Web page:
More Effects of Temperature Change on Optics

Frank Suzda

I had to throw some more into the pot on the issue of optics acclimating to temperature changes. There are also problems in going back from the cold into the warm. I'll keep plastic bags at the ready, in order to enclose the optics before bringing them into the house after "cold soaking". This helps prevent condensation from forming on the optics, cameras, eyepieces... While the condensate will be distilled water, and should be harmless, it could be a potential problem if it dissolves a contaminate.

I ran into the condensation problem back during the Shoemaker-Levy impacts, dragging the scope from the cool air-conditioned basement into the warm summer evenings. I was dewed up before I could even start. I allowed about 45 minutes for acclimating and de-dewing the scope. Ever since then I've gotten around the problem by storing my scopes in the detached unheated garage. Dust and condensation during storage can be a problem, but at least they're pretty far along to being thermally acclimated when I go to set them up.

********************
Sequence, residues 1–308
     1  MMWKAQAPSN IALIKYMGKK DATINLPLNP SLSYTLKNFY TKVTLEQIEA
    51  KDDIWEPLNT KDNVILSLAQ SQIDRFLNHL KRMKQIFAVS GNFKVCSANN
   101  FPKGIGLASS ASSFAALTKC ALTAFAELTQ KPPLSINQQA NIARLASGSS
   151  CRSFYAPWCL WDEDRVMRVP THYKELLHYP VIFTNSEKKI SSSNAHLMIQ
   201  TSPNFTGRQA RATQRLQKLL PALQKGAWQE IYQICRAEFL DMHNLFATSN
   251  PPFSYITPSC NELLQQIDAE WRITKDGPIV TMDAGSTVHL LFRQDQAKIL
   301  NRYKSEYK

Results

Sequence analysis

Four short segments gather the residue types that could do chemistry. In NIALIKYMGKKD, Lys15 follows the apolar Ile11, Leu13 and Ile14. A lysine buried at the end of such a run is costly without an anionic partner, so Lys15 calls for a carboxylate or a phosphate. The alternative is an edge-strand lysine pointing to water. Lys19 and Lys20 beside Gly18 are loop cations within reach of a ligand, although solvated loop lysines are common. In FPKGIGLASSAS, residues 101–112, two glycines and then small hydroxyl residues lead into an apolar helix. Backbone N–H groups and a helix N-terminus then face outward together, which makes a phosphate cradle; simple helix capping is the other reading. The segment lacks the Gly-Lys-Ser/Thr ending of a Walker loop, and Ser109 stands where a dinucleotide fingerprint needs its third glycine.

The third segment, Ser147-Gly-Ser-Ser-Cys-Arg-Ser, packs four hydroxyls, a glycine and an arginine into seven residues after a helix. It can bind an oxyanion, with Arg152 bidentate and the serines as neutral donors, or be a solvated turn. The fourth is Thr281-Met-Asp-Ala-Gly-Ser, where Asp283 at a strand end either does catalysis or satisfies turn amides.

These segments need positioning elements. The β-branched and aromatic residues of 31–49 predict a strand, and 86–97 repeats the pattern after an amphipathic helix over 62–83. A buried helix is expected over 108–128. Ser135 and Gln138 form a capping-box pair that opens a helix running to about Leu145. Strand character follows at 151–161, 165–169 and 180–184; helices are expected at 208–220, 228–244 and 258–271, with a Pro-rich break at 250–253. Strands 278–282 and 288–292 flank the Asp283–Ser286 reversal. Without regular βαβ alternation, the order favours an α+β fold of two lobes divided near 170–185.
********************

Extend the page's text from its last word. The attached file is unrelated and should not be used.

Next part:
I've employed a somewhat different trick to minimize moisture condensation on optical surfaces. I make liberal use of silica gel packets stowed inside the mirror covers of my reflector and inside the boxes containing smaller telescopes and eyepieces. The silica gel makes the moisture disappear fairly quickly. During an observing session, fogged-up eyepieces can also be "undewed" by placing them back in the eyepiece box (with the silica gel packet) for awhile. - J.K.

Published in the February 1998 issue of the NightTimes